At the end of a year that began with Australia quite literally catching fire acting as the opening salvo in a campaign that left many of us feeling as though the year itself was out to get us, just being able to read these end-of-the-year columns may very well seem like an accomplishment.
Over the past 12 months, we’ve seen our president acquitted of crimes that would have, at the very least, forced him from office, only to watch him turn around and downplay the worst health crisis since the Spanish Flu – all before contracting COVID-19 himself. We watched politicians from both sides spew bromides from crowded stages that looked like mirror images of the 2016 election, with the sheer number of candidates vying for the presidential nomination flip-flopped from four years ago. War seemed imminent following the killing of an Iranian military leader and, as the year wore on, it seemed the only thing that saved us from a military showdown was the larger assault on the world by the Coronavirus.
We all know the rest of the story: George Floyd’s death at the hands of police officers in Minnesota ignited a powder keg that detonated, not just in America, but across the civilized world. Protests turned into riots and much more than the Outback burned in their wake.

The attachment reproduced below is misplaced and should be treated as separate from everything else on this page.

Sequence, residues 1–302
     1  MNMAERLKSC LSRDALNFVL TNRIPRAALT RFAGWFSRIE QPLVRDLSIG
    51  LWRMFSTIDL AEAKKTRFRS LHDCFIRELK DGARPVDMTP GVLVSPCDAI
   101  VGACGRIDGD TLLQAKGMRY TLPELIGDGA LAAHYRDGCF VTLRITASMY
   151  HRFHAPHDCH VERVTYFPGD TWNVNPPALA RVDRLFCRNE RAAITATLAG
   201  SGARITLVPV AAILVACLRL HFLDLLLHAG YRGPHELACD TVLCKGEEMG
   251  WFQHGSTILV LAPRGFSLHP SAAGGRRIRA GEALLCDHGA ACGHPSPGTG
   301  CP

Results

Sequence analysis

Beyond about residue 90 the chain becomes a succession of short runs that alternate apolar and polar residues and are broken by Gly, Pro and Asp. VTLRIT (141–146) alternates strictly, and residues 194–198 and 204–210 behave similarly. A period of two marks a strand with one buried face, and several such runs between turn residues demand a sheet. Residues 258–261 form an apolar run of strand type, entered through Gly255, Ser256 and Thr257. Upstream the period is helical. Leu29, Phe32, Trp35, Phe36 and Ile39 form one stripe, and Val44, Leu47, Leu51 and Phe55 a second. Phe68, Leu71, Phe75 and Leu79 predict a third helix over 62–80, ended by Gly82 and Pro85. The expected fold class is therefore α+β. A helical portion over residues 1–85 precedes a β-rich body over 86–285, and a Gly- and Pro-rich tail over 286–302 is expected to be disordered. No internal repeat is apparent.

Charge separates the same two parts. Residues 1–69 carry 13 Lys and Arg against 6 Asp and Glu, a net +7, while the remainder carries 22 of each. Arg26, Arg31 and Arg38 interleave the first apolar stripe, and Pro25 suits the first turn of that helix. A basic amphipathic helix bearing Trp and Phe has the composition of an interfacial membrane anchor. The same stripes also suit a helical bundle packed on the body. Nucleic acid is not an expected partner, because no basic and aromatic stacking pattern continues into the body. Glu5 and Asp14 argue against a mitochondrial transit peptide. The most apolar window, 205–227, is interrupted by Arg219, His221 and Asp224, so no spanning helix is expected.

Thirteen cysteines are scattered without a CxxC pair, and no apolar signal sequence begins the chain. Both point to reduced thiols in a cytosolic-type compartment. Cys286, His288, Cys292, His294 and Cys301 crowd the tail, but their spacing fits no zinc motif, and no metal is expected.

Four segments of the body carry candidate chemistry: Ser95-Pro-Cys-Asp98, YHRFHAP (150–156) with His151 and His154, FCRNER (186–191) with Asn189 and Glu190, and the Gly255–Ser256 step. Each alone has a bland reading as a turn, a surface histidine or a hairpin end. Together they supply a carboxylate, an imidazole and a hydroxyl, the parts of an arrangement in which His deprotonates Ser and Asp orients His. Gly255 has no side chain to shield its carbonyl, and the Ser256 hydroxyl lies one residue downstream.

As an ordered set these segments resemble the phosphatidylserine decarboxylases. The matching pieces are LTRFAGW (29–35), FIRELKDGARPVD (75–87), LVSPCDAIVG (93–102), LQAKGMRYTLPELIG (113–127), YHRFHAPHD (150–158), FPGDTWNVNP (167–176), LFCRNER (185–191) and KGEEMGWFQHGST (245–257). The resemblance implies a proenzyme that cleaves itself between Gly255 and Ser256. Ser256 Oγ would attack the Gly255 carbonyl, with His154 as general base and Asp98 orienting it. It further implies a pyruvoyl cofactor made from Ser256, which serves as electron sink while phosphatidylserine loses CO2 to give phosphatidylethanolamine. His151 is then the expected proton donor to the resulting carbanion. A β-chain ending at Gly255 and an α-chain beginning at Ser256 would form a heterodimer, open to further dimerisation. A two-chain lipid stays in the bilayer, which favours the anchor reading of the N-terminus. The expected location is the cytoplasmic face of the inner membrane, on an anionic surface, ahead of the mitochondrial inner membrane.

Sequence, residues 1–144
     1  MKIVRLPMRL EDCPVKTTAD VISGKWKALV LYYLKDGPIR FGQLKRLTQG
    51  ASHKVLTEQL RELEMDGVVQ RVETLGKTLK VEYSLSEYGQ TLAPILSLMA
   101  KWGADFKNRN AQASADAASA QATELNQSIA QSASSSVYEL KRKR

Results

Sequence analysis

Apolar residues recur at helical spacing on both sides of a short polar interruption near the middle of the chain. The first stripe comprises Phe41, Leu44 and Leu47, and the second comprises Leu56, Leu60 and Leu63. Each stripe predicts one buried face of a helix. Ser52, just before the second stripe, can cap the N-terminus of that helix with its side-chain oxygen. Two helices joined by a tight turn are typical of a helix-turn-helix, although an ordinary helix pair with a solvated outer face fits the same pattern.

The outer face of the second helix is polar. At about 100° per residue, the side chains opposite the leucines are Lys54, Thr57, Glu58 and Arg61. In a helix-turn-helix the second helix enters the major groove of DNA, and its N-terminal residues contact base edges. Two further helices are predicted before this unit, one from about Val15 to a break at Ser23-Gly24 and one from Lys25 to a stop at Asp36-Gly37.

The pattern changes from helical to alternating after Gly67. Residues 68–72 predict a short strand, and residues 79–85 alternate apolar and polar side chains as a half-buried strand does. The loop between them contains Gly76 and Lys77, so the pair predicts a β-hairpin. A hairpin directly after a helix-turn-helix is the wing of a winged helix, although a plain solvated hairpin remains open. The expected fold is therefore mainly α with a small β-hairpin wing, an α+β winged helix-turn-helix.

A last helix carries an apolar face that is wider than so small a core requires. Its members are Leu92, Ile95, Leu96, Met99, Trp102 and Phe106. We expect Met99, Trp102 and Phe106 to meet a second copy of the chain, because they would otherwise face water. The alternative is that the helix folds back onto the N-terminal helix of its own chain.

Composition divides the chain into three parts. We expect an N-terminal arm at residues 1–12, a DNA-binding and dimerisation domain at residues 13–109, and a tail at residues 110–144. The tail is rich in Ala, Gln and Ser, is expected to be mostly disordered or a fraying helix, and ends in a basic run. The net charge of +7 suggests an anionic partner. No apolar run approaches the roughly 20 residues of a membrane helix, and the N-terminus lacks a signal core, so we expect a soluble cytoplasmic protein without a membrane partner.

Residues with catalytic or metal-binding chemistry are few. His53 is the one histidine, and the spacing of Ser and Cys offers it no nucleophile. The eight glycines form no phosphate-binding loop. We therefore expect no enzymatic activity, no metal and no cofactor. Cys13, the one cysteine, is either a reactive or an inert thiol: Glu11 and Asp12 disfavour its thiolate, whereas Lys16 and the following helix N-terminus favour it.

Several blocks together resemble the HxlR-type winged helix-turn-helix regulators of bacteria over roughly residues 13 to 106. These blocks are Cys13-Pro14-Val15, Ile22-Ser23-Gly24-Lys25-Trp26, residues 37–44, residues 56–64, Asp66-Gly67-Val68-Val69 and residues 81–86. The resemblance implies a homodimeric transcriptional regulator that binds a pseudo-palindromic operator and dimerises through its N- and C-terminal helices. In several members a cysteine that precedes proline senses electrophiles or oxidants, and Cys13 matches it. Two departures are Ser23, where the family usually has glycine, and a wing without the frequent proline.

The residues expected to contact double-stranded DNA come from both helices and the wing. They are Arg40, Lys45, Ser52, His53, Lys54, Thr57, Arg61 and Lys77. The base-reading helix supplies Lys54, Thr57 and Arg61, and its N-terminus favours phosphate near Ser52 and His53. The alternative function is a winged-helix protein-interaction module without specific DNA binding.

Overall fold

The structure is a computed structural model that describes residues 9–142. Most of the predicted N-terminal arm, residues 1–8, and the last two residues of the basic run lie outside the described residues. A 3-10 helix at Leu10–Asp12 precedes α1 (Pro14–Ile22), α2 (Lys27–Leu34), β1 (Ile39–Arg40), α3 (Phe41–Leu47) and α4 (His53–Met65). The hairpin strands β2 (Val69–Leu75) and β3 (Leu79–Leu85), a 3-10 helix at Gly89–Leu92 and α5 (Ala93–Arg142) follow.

We’ve seen the daily updates. Casualties from this ill-begotten year have been many and the sadness of the number of those lost isn’t something I have the ability to express here. This year has truly been one of the worst we’ve seen. All of us.
Yet, here we are, at the end. And there’s reason to be hopeful. Two vaccines have arrived, and while most of us won’t be able to get inoculated for at least several months, just the idea we may be seeing the beginning of the end of this virus is reason enough to celebrate 2021’s arrival.
Which leads me to my message to you: be hopeful. Be optimistic. We are fooling ourselves if we think all will be well when the clock strikes midnight Friday. COVID-19 and its effects will be around, in some form or another, for a long while to come. The new administration in Washington will have as many downs as ups and we’ll still face daily challenges and hurdles we didn’t expect to have to jump. BUT! If 2020 has taught us anything at all, it’s that we are resilient, especially when we are united.
Bouncing back from 2020 will take a global effort, but here at home we will face our own issues tailored specifically for Americans. But, while our natural optimism can, many times, be our biggest weakness, more often than not it is our biggest strength. Let’s use it to our advantage in 2021!
Blake Bell is the editor and publisher of the Madison Journal. He can be reached at firstname.lastname@example.org